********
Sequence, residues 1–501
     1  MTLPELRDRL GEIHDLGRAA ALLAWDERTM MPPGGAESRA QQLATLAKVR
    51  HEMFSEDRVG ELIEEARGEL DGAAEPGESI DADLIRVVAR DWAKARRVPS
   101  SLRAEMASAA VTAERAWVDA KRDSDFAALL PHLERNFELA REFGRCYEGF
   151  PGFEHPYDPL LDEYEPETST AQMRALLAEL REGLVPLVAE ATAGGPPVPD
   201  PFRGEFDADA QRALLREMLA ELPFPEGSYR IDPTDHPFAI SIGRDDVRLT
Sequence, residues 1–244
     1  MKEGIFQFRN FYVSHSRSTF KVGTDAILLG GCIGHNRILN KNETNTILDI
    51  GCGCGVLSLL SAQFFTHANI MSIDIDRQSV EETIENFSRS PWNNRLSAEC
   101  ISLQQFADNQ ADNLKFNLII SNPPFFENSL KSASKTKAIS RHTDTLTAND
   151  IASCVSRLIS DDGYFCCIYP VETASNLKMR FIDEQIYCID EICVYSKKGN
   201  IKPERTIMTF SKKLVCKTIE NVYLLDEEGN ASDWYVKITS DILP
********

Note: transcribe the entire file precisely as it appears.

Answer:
Sequence, residues 1–501
     1  MTLPELRDRL GEIHDLGRAA ALLAWDERTM MPPGGAESRA QQLATLAKVR
    51  HEMFSEDRVG ELIEEARGEL DGAAEPGESI DADLIRVVAR DWAKARRVPS
   101  SLRAEMASAA VTAERAWVDA KRDSDFAALL PHLERNFELA REFGRCYEGF
   151  PGFEHPYDPL LDEYEPETST AQMRALLAEL REGLVPLVAE ATAGGPPVPD
   201  PFRGEFDADA QRALLREMLA ELPFPEGSYR IDPTDHPFAI SIGRDDVRLT
Sequence, residues 1–244
     1  MKEGIFQFRN FYVSHSRSTF KVGTDAILLG GCIGHNRILN KNETNTILDI
    51  GCGCGVLSLL SAQFFTHANI MSIDIDRQSV EETIENFSRS PWNNRLSAEC
   101  ISLQQFADNQ ADNLKFNLII SNPPFFENSL KSASKTKAIS RHTDTLTAND
   151  IASCVSRLIS DDGYFCCIYP VETASNLKMR FIDEQIYCID EICVYSKKGN
   201  IKPERTIMTF SKKLVCKTIE NVYLLDEEGN ASDWYVKITS DILP